People tend to associate intelligence with brain size. And as a general guideline, this makes sense: more brain cells, more mental capabilities. Humans, and many of the other animals we’ve come to think of as unusually bright, such as chimpanzees and dolphins, all have large brains. And it’s long been assumed that the smallest brains simply don’t have the capacity to support complex mental processes. But what if they do?
The vast majority of Earth’s animal species are rather small, and a vanishingly small portion of them have been studied at all, much less by cognition researchers. But the profile of one group of diminutive animals is rapidly rising as scientists discover surprisingly sophisticated behaviors among them.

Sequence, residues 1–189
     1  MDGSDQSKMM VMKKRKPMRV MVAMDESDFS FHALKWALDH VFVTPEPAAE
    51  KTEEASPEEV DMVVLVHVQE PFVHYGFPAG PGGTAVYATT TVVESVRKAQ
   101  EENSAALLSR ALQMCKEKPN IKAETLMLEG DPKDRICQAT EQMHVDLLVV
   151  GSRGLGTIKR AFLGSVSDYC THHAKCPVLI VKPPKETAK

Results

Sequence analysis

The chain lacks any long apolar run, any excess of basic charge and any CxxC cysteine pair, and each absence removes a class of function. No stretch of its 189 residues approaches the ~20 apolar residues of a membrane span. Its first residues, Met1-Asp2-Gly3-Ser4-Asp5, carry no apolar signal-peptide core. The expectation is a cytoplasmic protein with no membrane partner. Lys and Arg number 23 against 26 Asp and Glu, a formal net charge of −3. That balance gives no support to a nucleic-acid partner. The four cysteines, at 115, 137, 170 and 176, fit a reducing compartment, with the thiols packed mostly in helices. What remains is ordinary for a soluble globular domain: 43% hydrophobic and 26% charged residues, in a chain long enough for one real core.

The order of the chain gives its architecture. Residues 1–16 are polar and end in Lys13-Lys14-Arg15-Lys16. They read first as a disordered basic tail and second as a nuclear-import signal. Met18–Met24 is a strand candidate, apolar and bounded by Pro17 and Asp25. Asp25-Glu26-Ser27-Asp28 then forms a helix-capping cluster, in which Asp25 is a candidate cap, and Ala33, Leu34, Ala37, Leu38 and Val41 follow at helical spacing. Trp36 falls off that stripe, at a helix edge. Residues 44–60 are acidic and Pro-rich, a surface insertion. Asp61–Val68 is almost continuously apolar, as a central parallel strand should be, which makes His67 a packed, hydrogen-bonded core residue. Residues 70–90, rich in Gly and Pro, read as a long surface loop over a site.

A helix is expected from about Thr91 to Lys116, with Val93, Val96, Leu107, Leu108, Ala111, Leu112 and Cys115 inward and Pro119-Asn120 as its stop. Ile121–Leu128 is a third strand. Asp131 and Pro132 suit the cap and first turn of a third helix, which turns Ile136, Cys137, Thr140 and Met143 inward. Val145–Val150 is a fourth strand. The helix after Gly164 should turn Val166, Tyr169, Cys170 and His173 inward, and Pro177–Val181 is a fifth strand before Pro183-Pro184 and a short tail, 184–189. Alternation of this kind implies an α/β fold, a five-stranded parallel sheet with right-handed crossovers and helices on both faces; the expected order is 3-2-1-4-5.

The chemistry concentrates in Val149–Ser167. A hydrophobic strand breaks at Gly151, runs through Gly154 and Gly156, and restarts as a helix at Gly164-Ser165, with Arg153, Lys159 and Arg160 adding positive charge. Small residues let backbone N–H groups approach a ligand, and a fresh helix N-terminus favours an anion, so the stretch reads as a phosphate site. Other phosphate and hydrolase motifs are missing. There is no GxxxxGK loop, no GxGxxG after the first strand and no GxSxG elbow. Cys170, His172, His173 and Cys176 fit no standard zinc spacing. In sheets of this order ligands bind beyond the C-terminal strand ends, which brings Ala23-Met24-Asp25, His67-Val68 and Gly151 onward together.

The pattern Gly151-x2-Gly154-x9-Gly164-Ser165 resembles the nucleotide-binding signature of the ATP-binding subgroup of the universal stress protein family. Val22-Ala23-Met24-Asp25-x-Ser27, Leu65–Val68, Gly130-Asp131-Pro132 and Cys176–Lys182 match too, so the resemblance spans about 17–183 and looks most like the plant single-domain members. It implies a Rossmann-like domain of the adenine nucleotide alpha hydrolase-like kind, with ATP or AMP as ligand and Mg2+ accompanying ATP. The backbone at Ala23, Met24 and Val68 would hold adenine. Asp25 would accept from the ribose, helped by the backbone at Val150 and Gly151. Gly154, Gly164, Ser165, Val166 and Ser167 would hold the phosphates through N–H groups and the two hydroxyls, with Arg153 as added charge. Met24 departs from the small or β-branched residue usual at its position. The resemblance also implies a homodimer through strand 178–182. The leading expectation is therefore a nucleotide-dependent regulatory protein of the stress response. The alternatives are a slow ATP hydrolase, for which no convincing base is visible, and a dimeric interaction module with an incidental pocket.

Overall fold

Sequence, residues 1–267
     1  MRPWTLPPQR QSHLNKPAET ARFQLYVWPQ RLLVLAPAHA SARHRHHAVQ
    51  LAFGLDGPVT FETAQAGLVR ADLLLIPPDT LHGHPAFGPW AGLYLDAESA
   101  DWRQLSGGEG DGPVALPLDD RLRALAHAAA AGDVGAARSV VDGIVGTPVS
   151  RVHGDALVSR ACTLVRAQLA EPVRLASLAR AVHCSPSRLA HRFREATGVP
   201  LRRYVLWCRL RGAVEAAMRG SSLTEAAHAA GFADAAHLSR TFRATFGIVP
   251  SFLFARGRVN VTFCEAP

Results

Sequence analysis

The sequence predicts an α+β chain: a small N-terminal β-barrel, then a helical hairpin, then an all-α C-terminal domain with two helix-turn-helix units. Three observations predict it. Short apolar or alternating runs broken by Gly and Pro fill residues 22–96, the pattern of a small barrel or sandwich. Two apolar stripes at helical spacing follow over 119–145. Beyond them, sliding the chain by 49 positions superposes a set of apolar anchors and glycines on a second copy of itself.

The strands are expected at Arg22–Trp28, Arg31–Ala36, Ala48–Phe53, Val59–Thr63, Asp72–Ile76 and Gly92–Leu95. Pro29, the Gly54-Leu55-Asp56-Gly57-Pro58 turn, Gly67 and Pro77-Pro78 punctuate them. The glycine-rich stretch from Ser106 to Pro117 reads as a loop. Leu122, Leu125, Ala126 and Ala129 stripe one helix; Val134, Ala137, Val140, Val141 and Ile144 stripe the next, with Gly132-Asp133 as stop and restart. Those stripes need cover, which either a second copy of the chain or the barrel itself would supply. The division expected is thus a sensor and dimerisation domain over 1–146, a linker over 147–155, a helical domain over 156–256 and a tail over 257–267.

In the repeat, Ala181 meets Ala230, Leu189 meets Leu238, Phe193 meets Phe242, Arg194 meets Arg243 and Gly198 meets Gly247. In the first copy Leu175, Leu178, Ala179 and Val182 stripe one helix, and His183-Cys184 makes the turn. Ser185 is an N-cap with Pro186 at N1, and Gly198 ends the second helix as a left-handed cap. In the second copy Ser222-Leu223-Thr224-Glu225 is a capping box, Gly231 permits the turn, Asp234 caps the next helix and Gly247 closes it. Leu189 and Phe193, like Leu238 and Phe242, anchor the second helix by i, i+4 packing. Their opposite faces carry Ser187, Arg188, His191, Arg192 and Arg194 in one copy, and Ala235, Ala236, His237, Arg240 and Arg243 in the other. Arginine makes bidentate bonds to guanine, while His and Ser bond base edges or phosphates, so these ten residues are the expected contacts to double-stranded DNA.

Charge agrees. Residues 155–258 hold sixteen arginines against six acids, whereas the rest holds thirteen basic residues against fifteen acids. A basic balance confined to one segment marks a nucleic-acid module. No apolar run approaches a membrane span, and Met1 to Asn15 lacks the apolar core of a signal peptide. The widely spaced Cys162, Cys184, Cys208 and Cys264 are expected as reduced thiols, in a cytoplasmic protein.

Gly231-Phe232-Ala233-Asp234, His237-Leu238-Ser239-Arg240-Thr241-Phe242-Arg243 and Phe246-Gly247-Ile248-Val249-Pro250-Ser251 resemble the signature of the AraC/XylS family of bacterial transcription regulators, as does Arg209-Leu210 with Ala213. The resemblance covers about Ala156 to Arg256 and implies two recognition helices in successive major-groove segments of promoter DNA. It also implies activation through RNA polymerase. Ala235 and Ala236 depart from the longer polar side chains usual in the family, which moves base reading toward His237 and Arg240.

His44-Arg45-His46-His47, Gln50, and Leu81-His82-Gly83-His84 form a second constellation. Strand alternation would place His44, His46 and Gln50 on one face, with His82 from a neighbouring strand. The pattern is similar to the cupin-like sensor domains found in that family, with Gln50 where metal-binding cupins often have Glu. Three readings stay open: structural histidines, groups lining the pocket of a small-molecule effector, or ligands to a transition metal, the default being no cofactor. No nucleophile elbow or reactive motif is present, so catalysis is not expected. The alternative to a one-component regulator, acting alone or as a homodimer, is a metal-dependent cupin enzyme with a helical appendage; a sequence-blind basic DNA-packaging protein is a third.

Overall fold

“There is this general idea that probably spiders are too small, that you need some kind of a critical mass of brain tissue to be able to perform complex behaviors,” says arachnologist and evolutionary biologist Dimitar Dimitrov of the University Museum of Bergen in Norway. “But I think spiders are one case where this general idea is challenged. Some small things are actually capable of doing very complex stuff.”
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